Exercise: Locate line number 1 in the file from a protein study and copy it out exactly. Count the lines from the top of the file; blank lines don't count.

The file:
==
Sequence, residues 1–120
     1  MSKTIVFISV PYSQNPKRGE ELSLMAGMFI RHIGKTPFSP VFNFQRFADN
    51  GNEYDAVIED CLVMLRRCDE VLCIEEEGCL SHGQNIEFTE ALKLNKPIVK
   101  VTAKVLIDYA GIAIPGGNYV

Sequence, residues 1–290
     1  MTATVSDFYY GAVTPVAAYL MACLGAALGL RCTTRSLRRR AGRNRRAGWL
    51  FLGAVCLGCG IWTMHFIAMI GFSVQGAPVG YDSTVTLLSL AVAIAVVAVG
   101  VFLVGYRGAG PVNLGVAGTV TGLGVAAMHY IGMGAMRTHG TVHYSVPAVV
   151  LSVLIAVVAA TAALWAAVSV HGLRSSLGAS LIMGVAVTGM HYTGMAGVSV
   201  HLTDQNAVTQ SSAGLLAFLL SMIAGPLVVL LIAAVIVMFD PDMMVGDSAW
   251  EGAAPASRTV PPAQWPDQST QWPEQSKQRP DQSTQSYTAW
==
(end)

Sequence, residues 1–120